environmental groups packaged more stringently and labelled more clearly?

As environmental groups push for legislation to label them as marine pollutants, more Nurdles have been discovered on beaches. They will be subject to stricter regulations during transport and handling.

Nurdles are small plastic pellets used by industry to produce almost all our plastic products. However, factory and cargo spillages can cause many to escape into the environment and end-up in the ocean.

They can have severe consequences for wildlife. They can absorb chemicals and then release toxins into the animals that eat them.

FIDRA’s Great Global Nurdle Hunt found record numbers of nurdles at beaches around the world this year.

Hunts took places in 317 locations across 23 countries. They were found in 90%. Indonesia was the only country that didn’t have any nurdles.

Limekilns lies 17 miles from Edinburgh. This village is among the most severely affected in the UK. You can find onlyles at the beach.

Sky News’ Joanna McFarlane is the chair of CLP Nature Conservation Group

“Sometimes it is possible to pull out the sand banks and only half the nurdles.

“The question is, who is responsible and why has no-one been held accountable for those harmful nurdles polluting our beaches right now?”

“We are asking why no one is responsible for the pollution we live with every day on our beaches. It’s being ingested by wildlife, children and even children. Who will take responsibility?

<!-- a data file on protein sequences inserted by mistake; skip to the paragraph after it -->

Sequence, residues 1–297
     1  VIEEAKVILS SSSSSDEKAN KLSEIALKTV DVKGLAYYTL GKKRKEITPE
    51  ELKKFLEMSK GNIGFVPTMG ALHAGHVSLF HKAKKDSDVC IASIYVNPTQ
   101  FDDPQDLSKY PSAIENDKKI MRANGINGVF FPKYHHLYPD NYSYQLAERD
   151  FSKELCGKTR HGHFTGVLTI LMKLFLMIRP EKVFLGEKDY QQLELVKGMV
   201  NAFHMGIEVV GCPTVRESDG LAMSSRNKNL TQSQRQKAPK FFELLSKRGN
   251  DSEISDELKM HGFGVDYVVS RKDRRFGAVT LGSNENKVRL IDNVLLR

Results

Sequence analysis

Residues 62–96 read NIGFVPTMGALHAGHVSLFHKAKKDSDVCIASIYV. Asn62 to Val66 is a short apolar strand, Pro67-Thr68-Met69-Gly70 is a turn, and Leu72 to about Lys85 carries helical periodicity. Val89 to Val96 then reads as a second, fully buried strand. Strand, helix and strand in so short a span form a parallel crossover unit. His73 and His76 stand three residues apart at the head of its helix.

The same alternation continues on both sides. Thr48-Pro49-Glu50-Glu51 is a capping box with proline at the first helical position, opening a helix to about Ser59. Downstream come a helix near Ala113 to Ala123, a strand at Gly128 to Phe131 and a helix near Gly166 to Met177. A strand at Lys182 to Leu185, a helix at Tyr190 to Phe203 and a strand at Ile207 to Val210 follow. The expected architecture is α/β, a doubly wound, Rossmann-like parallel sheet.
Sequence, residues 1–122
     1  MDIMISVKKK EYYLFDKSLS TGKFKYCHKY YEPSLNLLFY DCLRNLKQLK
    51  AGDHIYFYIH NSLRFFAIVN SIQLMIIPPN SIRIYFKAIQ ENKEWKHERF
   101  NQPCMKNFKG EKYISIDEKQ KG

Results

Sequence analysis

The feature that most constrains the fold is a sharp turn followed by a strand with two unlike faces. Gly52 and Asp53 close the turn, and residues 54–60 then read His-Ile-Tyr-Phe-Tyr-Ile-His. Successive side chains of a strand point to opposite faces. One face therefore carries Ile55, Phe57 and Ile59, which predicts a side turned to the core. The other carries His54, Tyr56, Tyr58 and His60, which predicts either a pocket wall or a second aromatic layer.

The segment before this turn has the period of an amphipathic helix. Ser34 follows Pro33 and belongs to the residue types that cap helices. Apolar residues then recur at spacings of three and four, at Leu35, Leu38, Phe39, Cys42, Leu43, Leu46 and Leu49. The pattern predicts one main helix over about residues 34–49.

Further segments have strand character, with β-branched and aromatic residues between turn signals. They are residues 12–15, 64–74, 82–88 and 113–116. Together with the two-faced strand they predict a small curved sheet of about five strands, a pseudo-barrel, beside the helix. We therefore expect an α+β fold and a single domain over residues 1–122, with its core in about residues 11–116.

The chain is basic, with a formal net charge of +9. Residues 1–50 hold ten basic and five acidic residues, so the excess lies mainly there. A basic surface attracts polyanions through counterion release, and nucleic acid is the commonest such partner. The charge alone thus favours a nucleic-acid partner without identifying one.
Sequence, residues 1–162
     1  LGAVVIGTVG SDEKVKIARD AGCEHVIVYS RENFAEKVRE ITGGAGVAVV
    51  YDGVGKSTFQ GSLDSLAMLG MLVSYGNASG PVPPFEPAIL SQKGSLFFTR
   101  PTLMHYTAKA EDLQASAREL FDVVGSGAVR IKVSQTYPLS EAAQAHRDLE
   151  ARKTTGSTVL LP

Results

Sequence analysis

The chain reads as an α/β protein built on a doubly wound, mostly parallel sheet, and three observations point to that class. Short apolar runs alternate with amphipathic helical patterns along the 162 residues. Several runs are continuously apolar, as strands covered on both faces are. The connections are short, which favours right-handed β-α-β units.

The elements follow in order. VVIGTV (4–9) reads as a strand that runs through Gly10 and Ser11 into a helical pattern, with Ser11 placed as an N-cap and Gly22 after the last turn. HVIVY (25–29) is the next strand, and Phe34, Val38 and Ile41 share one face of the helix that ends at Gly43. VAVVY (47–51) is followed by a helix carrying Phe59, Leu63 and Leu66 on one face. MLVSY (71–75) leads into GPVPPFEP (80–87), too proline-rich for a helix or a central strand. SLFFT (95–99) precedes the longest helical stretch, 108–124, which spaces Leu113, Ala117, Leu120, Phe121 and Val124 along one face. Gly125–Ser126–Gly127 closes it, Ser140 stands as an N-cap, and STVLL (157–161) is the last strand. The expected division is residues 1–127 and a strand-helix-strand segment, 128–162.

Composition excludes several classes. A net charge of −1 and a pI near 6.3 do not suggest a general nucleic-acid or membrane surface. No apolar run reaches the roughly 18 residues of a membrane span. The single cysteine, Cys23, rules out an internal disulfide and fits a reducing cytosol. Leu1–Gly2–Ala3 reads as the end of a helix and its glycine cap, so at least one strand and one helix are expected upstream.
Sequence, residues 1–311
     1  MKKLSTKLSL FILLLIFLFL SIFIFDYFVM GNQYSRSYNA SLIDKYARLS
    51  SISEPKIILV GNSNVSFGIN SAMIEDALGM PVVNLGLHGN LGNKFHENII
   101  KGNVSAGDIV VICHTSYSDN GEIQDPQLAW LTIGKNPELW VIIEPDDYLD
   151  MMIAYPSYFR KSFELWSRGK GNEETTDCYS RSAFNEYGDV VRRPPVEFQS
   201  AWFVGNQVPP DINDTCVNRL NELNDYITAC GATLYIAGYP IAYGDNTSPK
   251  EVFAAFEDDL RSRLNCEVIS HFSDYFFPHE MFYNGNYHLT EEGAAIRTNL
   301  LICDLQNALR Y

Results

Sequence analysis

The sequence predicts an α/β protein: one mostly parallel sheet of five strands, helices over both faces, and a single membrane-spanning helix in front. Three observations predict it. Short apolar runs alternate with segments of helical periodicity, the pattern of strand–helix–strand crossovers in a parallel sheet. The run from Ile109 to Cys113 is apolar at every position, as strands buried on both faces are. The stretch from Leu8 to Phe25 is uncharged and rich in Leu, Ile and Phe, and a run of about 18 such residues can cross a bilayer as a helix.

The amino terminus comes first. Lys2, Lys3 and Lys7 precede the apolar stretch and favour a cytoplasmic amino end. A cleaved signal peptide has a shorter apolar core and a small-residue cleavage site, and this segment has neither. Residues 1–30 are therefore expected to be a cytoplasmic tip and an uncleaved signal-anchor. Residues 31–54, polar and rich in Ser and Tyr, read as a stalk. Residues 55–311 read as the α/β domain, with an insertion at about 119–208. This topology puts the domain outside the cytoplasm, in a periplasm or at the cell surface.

The environmental impact of nurdles is severe and can result in billions of dollars being released into the sea.

In 2021, a fire destroyed a ship off Sri Lanka. It’s estimated that 50 to 75 billion Nurdles ended-up in the sea. It’s the largest known spillage.

Megan Kirton says it’s almost impossible to get rid of nurdles so taking preventative steps is crucial

Megan Kirton from FIDRA was the project officer and stated to Sky News, “Besides looking awful on a beach, and smothering it in plastic, unfortunately many nurdles are mistakenly eaten by a lot more marine animals.”

“Animals such a seabird, fish, dolphins, and baby turtles all have been known to eat nurdles, as they can easily be mistaken for food.”

She claimed that animals feel full after eating nurdles and so don’t want to eat real food.

Ms. Kirton stated that “Once the nurdles have entered the environment, it’s nearly impossible to remove them so we need preventative action to stop the spread.”

FIDRA works with Fauna and Flora International, to push the International Maritime Organisation for legislation to formally label nurdles marine pollutants.

This would affect the way they’re handled and transported.

Tanya Cox of Fauna and Flora International is the senior technical specialist and said that they must be identified as pollutants due their “pervasive polluting nature”.

Ms. Cox said that at this time pellets aren’t classified in any way for sea movement.

“We need nurdles to be classified as marine pollutant so that they are packed more tightly, labelled clearly and communicated to ship operators about the presence of pellets so that they can be stored below deck in a more safe and appropriate way.

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